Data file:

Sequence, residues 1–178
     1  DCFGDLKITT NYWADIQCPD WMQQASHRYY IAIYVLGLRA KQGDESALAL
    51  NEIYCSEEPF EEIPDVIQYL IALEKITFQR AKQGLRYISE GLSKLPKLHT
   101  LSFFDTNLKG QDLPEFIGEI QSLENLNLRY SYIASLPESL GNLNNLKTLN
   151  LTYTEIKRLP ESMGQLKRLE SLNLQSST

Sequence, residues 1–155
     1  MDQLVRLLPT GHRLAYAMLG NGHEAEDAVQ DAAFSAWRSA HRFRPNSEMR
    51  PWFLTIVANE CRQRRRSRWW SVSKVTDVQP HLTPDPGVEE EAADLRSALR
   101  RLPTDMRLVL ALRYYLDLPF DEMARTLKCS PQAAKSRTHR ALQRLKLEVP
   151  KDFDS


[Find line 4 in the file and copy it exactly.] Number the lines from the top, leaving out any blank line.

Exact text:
   101  LSFFDTNLKG QDLPEFIGEI QSLENLNLRY SYIASLPESL GNLNNLKTLN